The prevalence of symptoms in 24,410 adults infected by the novel coronavirus (SARS-CoV-2; COVID-19): A systematic review and meta-analysis of 148 studies from 9 countries


Background: To limit the spread of SARS-CoV-2, an evidence-based understanding of the symptoms is critical to inform guidelines for quarantining and testing. The most common features are purported to be fever and a new persistent cough, although the global prevalence of these symptoms remains unclear. The aim of this systematic review is to determine the prevalence of symptoms associated with COVID-19 worldwide. Methods: We searched PubMed, Embase, CINAHL, AMED, medRxiv and bioRxiv on 5th April 2020 for studies of adults (>16 years) with laboratory test confirmed COVID-19. No language or publication status restrictions were applied. Data were independently extracted by two review authors into standardised forms. All datapoints were independently checked by three other review authors. A random-effects model for pooling of binomial data was applied to estimate the prevalence of symptoms, subgrouping estimates by country. I2 was used to assess inter-study heterogeneity. Results: Of 851 unique citations, 148 articles were included which comprised 24,410 adults with confirmed COVID-19 from 9 countries. The most prevalent symptoms were fever (77% [95% CI 74%-80%]; 138 studies, 21,701 patients; I2 94%), dry cough (58% [95% CI 54%-61%]; 136 studies, 17,380 patients; I2 93%) and fatigue (31% [95% CI 27%-35%]; 78 studies, 13,385 patients; I2 95%). Overall, 17% of hospitalised patients required non-invasive ventilation (34 studies, 7519 patients), 17% required intensive care (34 studies, 7519 patients), 9% required invasive ventilation (25 studies, 6933 patients) and 2% required extra-corporeal membrane oxygenation (73 studies, 10,402 patients). The mortality rate was 7% (73 studies, 10,402 patients). Conclusions: We confirm that fever and cough are the most prevalent symptoms of adults infected by SARS-CoV-2. However, there is a large proportion of infected adults which symptoms-alone do not identify.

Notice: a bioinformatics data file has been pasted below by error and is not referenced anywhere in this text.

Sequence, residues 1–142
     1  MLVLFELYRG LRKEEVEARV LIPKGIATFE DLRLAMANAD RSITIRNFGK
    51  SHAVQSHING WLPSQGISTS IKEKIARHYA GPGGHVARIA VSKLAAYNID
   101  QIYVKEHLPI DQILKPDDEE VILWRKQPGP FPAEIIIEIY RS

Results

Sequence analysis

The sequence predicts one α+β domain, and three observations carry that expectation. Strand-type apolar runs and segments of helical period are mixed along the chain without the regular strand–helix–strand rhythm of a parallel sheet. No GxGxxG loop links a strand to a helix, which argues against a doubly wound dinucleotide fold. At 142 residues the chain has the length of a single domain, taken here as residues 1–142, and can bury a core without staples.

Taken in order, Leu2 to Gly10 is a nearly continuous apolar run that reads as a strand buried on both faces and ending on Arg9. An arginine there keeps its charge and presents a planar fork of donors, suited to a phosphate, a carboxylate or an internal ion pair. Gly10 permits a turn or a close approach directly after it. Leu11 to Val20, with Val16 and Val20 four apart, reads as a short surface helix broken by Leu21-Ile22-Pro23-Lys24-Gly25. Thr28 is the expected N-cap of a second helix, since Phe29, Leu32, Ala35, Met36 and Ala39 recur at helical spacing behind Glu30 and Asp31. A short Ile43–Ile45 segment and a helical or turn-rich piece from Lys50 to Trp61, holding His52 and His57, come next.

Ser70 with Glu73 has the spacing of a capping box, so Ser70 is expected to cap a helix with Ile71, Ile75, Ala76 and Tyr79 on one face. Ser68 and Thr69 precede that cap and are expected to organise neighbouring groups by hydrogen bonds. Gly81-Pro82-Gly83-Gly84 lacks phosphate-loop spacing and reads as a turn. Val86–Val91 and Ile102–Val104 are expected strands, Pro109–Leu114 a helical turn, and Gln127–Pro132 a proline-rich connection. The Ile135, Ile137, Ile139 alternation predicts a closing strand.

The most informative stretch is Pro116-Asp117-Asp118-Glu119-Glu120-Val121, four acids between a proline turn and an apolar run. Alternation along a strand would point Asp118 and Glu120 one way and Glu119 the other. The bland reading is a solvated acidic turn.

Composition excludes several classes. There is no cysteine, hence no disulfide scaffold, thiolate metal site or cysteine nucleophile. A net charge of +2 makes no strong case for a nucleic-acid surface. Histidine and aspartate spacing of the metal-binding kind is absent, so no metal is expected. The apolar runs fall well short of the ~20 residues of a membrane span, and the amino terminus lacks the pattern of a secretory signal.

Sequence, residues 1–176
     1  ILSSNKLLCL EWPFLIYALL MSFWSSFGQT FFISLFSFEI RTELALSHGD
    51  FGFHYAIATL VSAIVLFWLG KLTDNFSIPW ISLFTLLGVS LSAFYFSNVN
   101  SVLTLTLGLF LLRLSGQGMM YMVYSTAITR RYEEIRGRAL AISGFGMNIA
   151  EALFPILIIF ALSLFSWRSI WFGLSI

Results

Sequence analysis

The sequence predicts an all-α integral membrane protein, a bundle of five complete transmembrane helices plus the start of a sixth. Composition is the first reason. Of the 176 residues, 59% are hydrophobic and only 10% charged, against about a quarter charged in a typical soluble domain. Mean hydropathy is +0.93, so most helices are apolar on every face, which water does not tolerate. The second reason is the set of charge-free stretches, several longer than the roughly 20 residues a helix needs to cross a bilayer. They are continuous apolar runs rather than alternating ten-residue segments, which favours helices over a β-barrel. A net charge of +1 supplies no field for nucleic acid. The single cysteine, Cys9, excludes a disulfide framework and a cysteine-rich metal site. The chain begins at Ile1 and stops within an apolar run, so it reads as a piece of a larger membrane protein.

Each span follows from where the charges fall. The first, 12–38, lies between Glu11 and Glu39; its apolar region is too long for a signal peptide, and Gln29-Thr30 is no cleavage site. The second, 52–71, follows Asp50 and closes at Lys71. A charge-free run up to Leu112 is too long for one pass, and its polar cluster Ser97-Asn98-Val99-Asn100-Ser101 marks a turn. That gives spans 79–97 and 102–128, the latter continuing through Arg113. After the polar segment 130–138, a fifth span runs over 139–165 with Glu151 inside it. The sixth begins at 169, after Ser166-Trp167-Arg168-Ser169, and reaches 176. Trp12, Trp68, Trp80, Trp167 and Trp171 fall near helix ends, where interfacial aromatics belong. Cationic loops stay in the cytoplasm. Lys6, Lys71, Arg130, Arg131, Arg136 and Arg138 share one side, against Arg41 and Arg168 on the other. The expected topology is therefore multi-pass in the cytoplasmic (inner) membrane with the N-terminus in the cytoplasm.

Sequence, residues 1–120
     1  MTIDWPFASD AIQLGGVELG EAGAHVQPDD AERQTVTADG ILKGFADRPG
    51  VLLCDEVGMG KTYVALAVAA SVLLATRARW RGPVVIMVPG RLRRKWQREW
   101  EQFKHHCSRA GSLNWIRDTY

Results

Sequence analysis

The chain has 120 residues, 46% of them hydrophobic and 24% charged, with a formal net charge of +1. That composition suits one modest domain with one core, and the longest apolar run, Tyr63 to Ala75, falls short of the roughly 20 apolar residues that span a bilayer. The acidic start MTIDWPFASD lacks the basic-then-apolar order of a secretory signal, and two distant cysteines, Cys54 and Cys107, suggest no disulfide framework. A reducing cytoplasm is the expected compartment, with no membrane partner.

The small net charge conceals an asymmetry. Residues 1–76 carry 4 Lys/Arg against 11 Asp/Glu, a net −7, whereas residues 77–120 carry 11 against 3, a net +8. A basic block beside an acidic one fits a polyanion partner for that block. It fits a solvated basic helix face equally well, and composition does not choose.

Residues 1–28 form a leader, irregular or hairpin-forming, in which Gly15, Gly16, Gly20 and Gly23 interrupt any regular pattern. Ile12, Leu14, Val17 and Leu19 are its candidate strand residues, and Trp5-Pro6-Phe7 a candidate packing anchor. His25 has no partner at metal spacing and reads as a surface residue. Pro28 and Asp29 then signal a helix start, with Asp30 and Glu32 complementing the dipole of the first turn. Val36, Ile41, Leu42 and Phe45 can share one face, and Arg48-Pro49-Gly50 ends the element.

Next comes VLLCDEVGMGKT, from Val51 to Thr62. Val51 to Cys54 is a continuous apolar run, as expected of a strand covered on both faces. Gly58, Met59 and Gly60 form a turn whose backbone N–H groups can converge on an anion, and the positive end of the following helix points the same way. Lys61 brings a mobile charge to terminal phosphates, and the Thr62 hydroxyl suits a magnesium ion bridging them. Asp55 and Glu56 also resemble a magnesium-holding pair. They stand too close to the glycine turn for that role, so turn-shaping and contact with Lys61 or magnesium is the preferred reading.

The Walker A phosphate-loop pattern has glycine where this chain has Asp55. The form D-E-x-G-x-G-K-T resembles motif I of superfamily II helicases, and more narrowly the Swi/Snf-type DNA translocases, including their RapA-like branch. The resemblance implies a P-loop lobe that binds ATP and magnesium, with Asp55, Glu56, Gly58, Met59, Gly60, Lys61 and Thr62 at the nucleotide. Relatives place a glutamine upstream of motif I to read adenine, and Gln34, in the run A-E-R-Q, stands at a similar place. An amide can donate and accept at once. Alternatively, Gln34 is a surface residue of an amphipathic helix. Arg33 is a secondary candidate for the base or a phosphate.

PLOS One 15(6): e0234765